Thursday, September 09 2010
PostgreSQL, YeSQL

Window Functions example

So, when 8.4 came out there was all those comments about how getting window functions was an awesome addition. Now, it seems that a lot of people seeking for help in #postgresql just don't know what kind of problem this feature helps solving. I've already been using them in some cases here in this blog, for getting some nice overview about Partitioning: relation size per “group”.

That's another way to count change

Now, another example use case rose on IRC today. I'll quote directly our user here:

hey there, how can i count the number of (value) changes in one column?

example: a table with a column weight. let's say we have 5 rows, having the following values for weight: 5, 10, 7, 7, 7. the number of changes of weight would be 2 here (from 5 to 10 and 10 to 7). any idea how I could do that in SQL using PGSQL 8.4.4? GROUP BY or count(distinct weight) obviously does not work. thx in advance

Now, several of us began talking about window functions and about the fact that you need some other column to identify the ordering of those weights, obviously, because that's the only way to define what a change is in this context. Let's have a first try at it.

=# select o, w, 
          case when lag(w) over(order by o) is distinct from w then 1 end as change
     from (values (1, 5), (2, 10), (3, 7), (4, 7), (5, 7)) as data(o, w);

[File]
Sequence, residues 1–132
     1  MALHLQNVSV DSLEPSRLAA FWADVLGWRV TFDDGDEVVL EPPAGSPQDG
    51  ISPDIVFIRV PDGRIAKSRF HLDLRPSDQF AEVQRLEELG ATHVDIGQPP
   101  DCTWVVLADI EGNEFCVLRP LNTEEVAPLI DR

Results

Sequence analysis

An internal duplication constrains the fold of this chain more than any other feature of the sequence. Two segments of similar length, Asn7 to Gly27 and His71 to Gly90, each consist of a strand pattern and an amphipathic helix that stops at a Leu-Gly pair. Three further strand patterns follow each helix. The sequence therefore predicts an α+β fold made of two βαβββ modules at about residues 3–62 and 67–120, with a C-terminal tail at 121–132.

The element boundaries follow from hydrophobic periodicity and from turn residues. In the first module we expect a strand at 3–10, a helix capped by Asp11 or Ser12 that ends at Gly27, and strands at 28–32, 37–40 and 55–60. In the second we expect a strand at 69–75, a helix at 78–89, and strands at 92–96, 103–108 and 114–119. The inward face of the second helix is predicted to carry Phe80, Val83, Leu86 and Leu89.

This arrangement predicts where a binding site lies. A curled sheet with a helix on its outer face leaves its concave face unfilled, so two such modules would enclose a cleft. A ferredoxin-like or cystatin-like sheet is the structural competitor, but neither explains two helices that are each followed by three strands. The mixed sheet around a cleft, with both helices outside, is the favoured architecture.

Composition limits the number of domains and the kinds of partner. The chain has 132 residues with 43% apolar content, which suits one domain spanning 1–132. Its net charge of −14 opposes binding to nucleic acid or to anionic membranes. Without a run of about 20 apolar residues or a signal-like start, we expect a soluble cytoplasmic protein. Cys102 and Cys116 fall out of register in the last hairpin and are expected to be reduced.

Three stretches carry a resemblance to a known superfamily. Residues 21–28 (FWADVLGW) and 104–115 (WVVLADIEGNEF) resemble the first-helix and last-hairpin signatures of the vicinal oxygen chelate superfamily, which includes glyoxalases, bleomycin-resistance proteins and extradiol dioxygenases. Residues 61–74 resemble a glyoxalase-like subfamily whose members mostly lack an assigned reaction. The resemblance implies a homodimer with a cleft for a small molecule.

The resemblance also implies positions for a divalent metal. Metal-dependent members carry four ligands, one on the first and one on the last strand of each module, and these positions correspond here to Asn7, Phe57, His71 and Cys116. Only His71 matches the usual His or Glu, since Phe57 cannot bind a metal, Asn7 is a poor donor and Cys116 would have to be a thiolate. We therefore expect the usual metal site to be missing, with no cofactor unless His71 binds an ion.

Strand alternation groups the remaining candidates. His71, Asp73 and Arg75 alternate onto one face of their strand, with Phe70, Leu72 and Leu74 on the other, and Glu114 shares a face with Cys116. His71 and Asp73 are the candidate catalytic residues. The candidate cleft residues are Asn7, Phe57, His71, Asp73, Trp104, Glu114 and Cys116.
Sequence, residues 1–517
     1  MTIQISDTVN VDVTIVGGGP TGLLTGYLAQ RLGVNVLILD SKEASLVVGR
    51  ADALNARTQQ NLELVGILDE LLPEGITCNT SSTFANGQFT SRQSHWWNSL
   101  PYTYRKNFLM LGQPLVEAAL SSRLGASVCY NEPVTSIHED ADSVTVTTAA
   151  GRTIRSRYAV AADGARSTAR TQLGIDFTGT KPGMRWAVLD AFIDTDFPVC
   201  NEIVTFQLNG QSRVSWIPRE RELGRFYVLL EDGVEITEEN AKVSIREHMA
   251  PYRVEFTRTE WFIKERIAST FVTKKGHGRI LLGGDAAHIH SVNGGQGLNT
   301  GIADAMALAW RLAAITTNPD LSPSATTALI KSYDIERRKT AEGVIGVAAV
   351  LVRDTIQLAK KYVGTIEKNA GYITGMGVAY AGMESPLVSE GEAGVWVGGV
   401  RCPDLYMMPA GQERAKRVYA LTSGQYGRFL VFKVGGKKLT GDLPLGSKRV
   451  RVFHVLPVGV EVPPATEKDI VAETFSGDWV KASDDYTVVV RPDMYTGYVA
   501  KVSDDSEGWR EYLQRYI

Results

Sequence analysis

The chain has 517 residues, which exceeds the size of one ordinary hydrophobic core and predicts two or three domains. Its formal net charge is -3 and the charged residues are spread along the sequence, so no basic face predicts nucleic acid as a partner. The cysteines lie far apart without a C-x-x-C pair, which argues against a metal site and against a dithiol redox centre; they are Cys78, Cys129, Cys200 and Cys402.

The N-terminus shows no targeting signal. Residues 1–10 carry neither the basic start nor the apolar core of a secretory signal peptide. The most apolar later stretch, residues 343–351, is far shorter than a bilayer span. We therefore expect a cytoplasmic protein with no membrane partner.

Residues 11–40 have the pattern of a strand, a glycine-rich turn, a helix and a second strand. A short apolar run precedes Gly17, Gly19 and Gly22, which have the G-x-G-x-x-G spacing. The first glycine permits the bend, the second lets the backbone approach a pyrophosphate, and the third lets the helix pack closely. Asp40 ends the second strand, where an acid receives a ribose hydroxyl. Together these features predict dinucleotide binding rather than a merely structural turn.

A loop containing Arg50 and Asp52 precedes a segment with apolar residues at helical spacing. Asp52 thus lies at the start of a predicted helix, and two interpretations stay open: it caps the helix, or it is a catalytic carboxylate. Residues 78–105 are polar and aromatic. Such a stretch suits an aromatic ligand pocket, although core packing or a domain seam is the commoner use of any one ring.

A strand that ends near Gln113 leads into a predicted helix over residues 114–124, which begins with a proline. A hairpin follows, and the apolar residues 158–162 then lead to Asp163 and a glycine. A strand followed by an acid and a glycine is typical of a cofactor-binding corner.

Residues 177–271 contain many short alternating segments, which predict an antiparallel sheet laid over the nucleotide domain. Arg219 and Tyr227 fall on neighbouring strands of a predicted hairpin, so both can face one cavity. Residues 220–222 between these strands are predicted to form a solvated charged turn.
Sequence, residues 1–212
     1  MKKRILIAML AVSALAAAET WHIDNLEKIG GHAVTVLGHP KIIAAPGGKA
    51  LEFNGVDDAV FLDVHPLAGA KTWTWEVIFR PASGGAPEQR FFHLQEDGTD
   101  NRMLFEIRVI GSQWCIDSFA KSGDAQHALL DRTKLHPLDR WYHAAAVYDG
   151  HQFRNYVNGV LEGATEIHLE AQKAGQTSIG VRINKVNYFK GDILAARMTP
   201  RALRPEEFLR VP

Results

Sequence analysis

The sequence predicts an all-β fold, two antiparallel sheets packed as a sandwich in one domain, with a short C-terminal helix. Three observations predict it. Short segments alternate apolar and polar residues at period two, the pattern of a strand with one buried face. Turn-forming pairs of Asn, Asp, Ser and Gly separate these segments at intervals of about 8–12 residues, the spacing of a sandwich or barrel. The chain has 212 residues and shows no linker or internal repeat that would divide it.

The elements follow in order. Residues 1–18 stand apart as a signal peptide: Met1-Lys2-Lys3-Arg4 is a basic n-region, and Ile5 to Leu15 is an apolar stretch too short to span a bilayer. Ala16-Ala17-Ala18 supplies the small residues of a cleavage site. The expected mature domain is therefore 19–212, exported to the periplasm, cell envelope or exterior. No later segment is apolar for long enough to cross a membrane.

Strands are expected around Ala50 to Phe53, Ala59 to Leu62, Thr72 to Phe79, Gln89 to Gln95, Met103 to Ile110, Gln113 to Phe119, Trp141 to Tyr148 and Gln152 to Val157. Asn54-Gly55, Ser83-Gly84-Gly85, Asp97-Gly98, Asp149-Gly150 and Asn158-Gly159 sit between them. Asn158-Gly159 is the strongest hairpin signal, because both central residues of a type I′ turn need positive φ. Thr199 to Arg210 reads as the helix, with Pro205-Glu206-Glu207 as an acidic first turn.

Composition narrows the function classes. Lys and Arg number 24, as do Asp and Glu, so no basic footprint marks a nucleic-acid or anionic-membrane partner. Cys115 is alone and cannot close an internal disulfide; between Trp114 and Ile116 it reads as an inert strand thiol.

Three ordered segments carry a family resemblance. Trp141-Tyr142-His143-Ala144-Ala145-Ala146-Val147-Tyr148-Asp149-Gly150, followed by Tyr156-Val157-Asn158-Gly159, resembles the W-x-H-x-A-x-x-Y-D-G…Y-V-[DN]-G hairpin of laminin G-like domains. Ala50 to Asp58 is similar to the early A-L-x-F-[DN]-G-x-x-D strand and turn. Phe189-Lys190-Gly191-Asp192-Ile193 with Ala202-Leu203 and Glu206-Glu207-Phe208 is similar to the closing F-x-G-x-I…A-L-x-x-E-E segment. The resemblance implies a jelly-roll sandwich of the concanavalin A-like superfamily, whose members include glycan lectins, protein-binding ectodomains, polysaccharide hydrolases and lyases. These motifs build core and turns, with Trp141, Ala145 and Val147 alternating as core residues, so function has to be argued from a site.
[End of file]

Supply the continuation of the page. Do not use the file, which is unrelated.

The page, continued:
o | w  | change 
---+----+--------
 1 |  5 |      1
 2 | 10 |      1
 3 |  7 |      1
 4 |  7 |       
 5 |  7 |       
(5 rows)

Not too bad, but of course we are seeing a false change on the first line, as for any window of rows you define the previous one, given by lag() over(), will be NULL. The easiest way to accommodate is the following:

=# select sum(change) -1 as changes 
     from (select case when lag(w) over(order by o) is distinct from w
                       then 1
                   end as change
             from (values (1, 5),
                          (2, 10),
                          (3, 7),
                          (4, 7),
                          (5, 7)) as t(o, w)) as x;
 changes 
---------
       2
(1 row)

So don't be shy and go read about window functions in SQL expressions and window function processing in the query table expressions. That's a very nice tool to have and my guess is that you will soon enough realize the only reason why you could think you don't have a need for them is that you didn't know it existed, and what you can do with it. Sharpen your saw! :)